Last week I was asked by one of our partners, Irish Cycling Safaris, to provide some interesting snippets about our Dordogne trip. Anyone who’s cycled with me in France will know it’s my favourite of our French trips, and I wouldn’t expect to find it difficult to say a few interesting things about the Dordogne.
I made a note that it was the home of Josephine Baker. She’s very famous in the Dordogne, and had a lovely castle there, the Château des Milandes. Because you see signposts for the château everywhere, and every hotel and bar has old posters of Ms Baker, it’s easy to assume that everyone knows who she is. But just in case, I thought I’d look up a few things about her to be accurate, and got a very big surprise. Seems she really was quite something.
What did I think I know? She was a black lady, an exotic dancer, a star of the Folies Bergères, very risqué for the 30s. I think she adopted loads of children and had a lovely château in the Dordogne which is now a centre for birds of prey.
Bits of that are true. Ernest Hemingway described her as “…the most sensational woman anyone ever saw”, and Shirley Bassey paid her an astonishing tribute when she said “…I have never seen, and probably never shall see again, such a spectacular singer and performer.” So as a performer, she cut the mustard, so to speak. But that’s just the start of it.
During the Second World War she used her popularity to work secretly for the allies, smuggling intelligence out through Portugal. After the war she became the first American woman to receive France’s highest honour, the Croix de Guerre – she was also awarded the Legion d’Honneur by Charles de Gaulle.
Baker was an active anti-racism campaigner. She adopted a dozen children from different ethnic backgrounds and countries, and lived at Château des Milandes – I got that bit almost right! As a big star in the US, she refused to perform for segregated audiences, and caused a storm with accusations of racism against The Stork Club in New York. Following this incident Grace Kelly, no less, left the club with her vowing never to return, and never did.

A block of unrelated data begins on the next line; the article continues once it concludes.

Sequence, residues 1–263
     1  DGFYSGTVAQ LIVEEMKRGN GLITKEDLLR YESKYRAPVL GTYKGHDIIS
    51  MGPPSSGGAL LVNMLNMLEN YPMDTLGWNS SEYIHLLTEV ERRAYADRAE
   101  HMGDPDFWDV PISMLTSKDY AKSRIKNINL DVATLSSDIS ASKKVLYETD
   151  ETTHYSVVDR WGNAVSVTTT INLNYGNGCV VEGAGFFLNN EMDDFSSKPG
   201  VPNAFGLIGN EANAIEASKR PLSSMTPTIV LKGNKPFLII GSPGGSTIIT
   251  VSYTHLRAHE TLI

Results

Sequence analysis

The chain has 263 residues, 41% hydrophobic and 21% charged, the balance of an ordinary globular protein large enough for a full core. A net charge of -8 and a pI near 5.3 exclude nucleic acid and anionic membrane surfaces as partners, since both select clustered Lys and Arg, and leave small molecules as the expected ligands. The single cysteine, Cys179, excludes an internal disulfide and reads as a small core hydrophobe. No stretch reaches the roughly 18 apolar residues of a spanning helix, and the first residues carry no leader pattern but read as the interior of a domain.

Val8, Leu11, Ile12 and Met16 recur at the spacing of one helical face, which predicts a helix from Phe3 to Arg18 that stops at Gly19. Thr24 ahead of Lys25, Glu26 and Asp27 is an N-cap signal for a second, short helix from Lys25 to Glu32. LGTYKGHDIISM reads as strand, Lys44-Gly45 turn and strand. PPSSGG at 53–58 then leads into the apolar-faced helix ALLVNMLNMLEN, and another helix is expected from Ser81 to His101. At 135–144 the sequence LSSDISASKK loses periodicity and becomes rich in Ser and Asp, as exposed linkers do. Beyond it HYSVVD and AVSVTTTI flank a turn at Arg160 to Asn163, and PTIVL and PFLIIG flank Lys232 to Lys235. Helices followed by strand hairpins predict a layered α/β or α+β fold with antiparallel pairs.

The two remained close friends – in France the royal family of Monaco are very newsworthy. When one of them has a shave it’s all over the French gossip magazines, so being a good pal of Grace was probably quite useful in France. And in fact, Josephine was buried in Monaco following her death in 1975.
She was also a keen supported of the NAACP in the US (The National Association for the Advancement of Coloured people). Can you believe that the only woman who spoke beside Martin Luther King Jnr on his March on Washington was Josephine Baker, dressed in her Free French Army uniform complete with Legion d’Honneur? Following King’s assassination his widow asked Josephine Baker to lead the American Civil Rights Movement in her husband’s place, but she refused in favour of her ‘rainbow tribe’ of children.
In recent years I’ve taken to cycling past her old château, assuming it was a castle with no historical significance close to the castles of Castelnau and Beynac.
I won’t cycle past it again.